IEP's

by Sharon
(Moscow Idaho)

I have a 4 and half your old with SPD and goes to headstart... I don't know if its just this state or the school district, but you can plainly see she has the condition and has some problems but since she gets along with kids less then half the time they all claim she does not qualify for an IEP.


How can one get one for their child when this district claims there is nothing wrong with her??? She has the OT, counseling, sees a mental health specialist and she has a PSR provider, what more do they need?

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Feb 11, 2009
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OT in Schools
by: Honor student with a Master's Degree in Occupational Therapist from USC

It is really important that parents understand the law and the purpose of special education. A medical diagnosis alone does not indicate that a child needs special education services. Laws that govern special education are specific as to who qualifies and what services are available.

Often medical practitioners can give you a generic diagnosis or prescription, but in terms of educational needs, it is best to have someone qualified in looking at your child in the context of their natural environment (not a clinic or doctor's office), the demands of that natural environment, and a child's ability within that environment, to determine services and needs for your children. Those professionals that actually work with children in their natural environments, are up to date with the law, up to date with best practice models as indicated by their national professional associations (ie AOTA), and up to date with evidence-based practice are your best bet.

Do not underestimate your school-based OT's. Many graduate from top universities and do not make recommendations to earn money in their private clinics and practices. They actually look at your child and use an occupational performance approach. Looking at small sub-skills alone does not define anyone and should not govern a label. I hope this helps you all in your journey.

Jan 25, 2009
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Word from the wise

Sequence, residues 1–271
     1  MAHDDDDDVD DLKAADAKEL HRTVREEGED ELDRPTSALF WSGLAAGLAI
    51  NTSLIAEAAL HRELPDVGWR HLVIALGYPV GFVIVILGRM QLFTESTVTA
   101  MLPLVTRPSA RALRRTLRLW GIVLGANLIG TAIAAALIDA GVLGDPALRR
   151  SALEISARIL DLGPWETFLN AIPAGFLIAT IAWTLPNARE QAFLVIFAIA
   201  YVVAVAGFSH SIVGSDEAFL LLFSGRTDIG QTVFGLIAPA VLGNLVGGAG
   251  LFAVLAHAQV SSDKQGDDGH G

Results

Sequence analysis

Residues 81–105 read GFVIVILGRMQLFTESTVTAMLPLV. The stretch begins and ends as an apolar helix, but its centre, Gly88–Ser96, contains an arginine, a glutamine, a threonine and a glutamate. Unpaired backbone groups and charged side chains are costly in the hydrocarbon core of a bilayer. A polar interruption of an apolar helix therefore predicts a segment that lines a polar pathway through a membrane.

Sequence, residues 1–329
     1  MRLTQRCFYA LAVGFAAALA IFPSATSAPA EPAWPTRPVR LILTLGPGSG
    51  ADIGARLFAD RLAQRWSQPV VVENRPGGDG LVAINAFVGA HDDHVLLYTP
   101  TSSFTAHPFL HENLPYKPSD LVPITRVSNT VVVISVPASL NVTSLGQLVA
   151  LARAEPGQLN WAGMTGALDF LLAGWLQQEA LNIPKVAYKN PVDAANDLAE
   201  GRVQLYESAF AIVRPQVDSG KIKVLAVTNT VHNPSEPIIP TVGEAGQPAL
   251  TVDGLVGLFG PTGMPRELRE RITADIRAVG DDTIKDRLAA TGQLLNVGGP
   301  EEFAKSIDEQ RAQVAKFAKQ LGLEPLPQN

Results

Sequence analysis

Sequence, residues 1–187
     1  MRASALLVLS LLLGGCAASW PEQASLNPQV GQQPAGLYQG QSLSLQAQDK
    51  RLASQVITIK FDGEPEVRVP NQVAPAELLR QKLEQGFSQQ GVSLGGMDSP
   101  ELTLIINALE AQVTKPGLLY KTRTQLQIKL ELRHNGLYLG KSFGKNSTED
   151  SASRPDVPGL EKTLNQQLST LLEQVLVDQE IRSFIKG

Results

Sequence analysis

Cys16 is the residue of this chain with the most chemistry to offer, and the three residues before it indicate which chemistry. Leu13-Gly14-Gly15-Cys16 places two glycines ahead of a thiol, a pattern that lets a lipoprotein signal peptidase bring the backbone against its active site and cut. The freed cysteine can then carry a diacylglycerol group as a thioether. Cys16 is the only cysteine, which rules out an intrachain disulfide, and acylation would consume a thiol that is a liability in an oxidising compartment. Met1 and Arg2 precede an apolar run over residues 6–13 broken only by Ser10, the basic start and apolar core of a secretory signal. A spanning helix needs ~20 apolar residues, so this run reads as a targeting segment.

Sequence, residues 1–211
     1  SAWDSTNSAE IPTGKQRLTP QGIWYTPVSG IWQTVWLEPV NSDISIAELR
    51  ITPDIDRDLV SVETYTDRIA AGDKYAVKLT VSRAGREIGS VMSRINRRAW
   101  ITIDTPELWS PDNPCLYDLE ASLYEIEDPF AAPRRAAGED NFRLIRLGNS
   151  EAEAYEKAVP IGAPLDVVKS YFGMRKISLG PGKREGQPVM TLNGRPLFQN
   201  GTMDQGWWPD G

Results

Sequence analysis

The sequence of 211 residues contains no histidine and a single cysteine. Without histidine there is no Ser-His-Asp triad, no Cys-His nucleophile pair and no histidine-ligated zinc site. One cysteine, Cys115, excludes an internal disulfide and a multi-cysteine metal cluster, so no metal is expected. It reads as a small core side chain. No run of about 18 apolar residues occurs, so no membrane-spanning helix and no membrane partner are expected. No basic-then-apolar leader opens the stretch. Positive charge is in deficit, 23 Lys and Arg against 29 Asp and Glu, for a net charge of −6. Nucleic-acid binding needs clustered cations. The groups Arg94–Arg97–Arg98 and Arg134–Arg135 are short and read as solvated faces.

by: Anonymous

Check the rules on IDEA - federal requirements to meet the needs of students with disabilities, and your state board of education to get the skinny on how they determine who is served. If your daughter is not yet in the elementary school age group (grade K) you may find a lot less interventions available from most districts.

My own personal experience (2 spec needs kids, 6 & 12 yrs) is that if you have a diagnosis - and recommendations from the Dr. making the diagnosis, the school system will general implement them. Don't expect a diagnosis from your school system. Go to a private practice doctor for your own evaluations - as soon as you see there is a problem. If you want to go the route of having the school district pay, you will probably languish with these issues untreated for years. Follow-up with private doctors about therapy and re-evaluations.

Jan 20, 2009
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IEP's
by: Carolyn

Each state has different requirements for Special Ed. In TX a student must meet certain qualifications. If they do not then they can't have an IEP. I would check into seeing exactly why he didn't qualify. After you have a better understanding why they didn't qualify him then you can try to see what you can do to have him qualify.

Sometimes it just takes a Dr. or other specialist filling out paperwork and sending it into the school district. Other times the school will require that they send their own "expert" out to test your child.

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